When Chris Chubbuck killed herself, she followed those instructions. There seemed to be no doubt that she had every intention of killing herself. There were some who were confused by the word "attempted" suicide in her script. But those who worked with her had a ready explanation. Chris was too good a newswoman to write suicide when it might have failed. She was too precise. And even her mother thought it not unusual.

So once it had been established that she fully intended to die, obviously the question became why. And of course, why did she choose to do it the way she did?

When somebody commits suicide, especially violently and publicly, once the initial shock dies away and people can absorb what has happened, they can begin to speculate on why. This is what was happening in Sarasota one week after the death of "TV Star Chris Chubbuck." Everyone had his or her own idea of why it happened.

Everyone agrees that her sexual status was a manifestation of the problems she had in relating to people. Chris would have been 30 on Aug. 24, and she was still a virgin. She made no secret of it to her family, her friends, and her co-workers. But to say that she killed herself for this reason would be extremely simplistic.

She had worked for nearly a year with a young man named George Peter Ryan, a tall, handsome, blond stockbroker who read the stock reports on the local news show. George ("Gorgeous George" to some of his friends) was divorced and had had personal problems himself. He was heavily involved in transactional analysis. Chris developed a crush on him. In fact, she confided to one of her friends that she had decided that George was the perfect person to help her solve her problems. She went to George on his 30th birthday in late June with a cake. And later at the press party, she made it clear to him in a subtle way that she was available. He rejected her.

Chris' closest friend, if she had one, was Andrea Kirby. Andrea, 32, was the sports reporter for Channel 40. She was Southern, petite, divorced and had a way with men. Andrea was also tough and ambitious.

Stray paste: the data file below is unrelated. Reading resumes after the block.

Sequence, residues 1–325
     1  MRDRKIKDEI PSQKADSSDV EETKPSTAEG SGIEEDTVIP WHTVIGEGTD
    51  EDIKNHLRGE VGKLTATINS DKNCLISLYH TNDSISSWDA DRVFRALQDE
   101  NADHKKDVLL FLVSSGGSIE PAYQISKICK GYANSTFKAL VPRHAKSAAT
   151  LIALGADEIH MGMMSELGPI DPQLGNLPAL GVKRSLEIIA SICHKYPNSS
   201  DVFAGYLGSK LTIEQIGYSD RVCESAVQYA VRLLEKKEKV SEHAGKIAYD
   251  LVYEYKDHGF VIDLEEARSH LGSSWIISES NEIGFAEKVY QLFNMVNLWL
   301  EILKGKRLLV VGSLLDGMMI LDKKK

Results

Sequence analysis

Andrea had recently been hired by a Baltimore TV station and was leaving Sarasota in a few days. That depressed Chris somewhat because she saw her friend leaving and going on to bigger and better things while she was left behind. It was Andrea to whom Chris confided her plan to proposition George. Andrea had no patience with Chris' tendency to feel sorry for herself. Occasionally she would say, "That's right, Chris. Just kick yourself in the ass." What she didn't say was that she and George were already seeing each other. "When Chris found out that George and I were going out, that depressed her," Andrea said.

The owner of station WXLT-TV is Robert Nelson. He had owned radio stations in the area and three years ago had started this new channel, and ABC affiliate. That station was getting off to a slow start. Their equipment was old, their staff was small, very young and inexperienced. Everybody did everything. They concentrated on the more sensational news in the area, violence, crime, accidents, "blood and guts," as Chris would often put it. Channel 40, sometimes referred to as "Funny Forty," estimates its highest viewing audience at 10,000 sets.

Chris' program had ratings of 500 homes. In season maybe 1,000. She was not by any means a "big TV star," but she wanted to be. She wanted to be recognized, she was hard working, diligent and competent.